Body Model

Body Model and Body Item

For a computer to perform various calculations related to a robot, it requires a model created from data, such as the shape, physical characteristics, etc. of the robot or environmental object. In Choreonoid, this model is called the “Body model”. This corresponds to the “Body” class defined as a C++ class in the “Body library” used by Choreonoid.

The “BodyItem” type item (Body item) is defined to access the Body model from the Choreonoid GUI. Many of the robot operations in Choreonoid are performed through this item.

A Body item is normally generated by loading the Model File in which the model of a robot or environmental object is written.

Sample Models

The following sample models, which come with Choreonoid as standard, are stored under the “model” directory of the share directory. It is recommended to confirm how to operate a model by loading these models first.

Model File Overview
box1 misc/box1.wrl Rectangular rigid body
SR1 SR1/SR1.yaml Sample of a simple biped robot model
GR001 GR001/GR001.yaml Model of the biped robot “GR001” manufactured by HPI
PA10 PA10/PA10.yaml Model of the manipulator “PA10” manufactured by Mitsubishi Heavy Industries, Ltd.
Crawler misc/crawler.wrl Model of a simple crawler type mobile robot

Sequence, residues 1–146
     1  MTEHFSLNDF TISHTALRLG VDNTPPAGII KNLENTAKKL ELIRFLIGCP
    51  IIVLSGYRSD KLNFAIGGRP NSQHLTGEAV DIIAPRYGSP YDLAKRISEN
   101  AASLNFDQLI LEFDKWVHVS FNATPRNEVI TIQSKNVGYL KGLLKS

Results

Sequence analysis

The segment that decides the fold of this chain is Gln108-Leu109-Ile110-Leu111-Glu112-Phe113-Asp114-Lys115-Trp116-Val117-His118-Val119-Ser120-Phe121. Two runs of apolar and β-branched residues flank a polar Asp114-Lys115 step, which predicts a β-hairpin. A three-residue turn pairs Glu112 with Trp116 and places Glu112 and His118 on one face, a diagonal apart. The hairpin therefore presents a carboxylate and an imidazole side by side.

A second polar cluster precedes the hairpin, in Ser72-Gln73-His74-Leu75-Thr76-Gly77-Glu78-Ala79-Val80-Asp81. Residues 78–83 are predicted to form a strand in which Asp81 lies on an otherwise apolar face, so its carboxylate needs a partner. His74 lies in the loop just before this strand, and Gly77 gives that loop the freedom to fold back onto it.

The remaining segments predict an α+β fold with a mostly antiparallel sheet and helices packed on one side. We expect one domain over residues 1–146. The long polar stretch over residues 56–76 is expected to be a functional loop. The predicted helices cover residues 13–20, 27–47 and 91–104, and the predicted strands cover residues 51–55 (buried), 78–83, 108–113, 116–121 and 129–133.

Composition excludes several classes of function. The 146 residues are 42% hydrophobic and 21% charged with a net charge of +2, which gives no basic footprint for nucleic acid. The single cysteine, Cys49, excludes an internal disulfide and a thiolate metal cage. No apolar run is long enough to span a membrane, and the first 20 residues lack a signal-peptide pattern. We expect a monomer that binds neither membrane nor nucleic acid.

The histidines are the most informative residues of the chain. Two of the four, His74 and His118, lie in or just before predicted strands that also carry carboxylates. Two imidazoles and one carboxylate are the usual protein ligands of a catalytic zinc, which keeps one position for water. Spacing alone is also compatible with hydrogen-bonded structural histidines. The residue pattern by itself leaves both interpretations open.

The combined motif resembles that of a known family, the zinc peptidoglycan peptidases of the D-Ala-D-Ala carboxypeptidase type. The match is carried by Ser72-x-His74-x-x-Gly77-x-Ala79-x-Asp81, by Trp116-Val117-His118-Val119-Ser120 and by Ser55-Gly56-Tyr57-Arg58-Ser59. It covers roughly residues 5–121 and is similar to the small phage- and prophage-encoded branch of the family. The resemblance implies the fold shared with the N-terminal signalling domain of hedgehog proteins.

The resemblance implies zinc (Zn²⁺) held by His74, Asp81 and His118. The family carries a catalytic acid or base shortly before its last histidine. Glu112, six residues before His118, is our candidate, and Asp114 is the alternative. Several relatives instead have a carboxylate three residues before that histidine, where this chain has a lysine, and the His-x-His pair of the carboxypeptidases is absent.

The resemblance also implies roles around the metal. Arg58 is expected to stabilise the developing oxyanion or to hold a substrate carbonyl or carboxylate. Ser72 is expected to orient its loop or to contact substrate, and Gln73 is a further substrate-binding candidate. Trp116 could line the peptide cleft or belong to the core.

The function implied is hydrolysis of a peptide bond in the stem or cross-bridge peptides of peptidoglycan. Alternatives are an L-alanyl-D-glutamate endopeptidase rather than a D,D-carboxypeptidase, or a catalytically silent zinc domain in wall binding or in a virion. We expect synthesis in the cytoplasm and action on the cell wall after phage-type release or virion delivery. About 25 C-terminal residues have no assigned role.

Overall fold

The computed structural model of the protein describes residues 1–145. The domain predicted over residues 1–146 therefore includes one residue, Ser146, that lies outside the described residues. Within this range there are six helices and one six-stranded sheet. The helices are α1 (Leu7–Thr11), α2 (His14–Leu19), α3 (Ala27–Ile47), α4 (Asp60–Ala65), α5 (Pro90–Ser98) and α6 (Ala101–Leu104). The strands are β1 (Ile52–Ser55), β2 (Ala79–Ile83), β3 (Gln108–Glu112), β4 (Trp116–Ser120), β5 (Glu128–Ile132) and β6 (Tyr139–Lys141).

Tank misc/tank.wrl Sample of a tank type model
floor misc/floor.wrl Floor model

Loading a Model

Load a model file by selecting the main menu “File” - “Load” - “OpenHRP Model File”. When this menu is executed, a file load dialog appears. Select the model file. When the file is loaded successfully, a Body item with the name of the loaded model is generated.

For example, load the “PA10” model, which is one of the sample models. Select “PA10.yaml” in the PA10 directory from the model file load dialog. When the file is loaded normally, the model name appears in the item tree view as shown below.


At this time, the following message is output in the message view.

Loading OpenHRP model file "/usr/local/share/choreonoid-1.5//PA10/PA10.yaml"
-> Completed!

If the model file has an error, an error message is output instead. Check the contents of the file.


Select the Body item in the item tree view and press Ctrl + R to reload the Body item. Since this operation immediately reflects the reloaded model in the GUI, it is useful when, for example, you edit a model file.

Display in the Scene View

You can display a model loaded as a Body item by 3D graphics in the scene view. To do this, select the checkbox for the Body item you want to display from the item tree view.

For example, as shown in the figure, select the checkbox for the PA10 item to display the PA10 model.


Then, the CG of the PA10 model appears in the scene view.


If you do not want to display the model, simply return the checkbox for the item to the deselected state.

Structure of a Model

In robotics, individual parts (rigid bodies) constituting a model are generally called “links”. There are two types of models: one made up of a single link and the other made up of multiple links (multi-link model).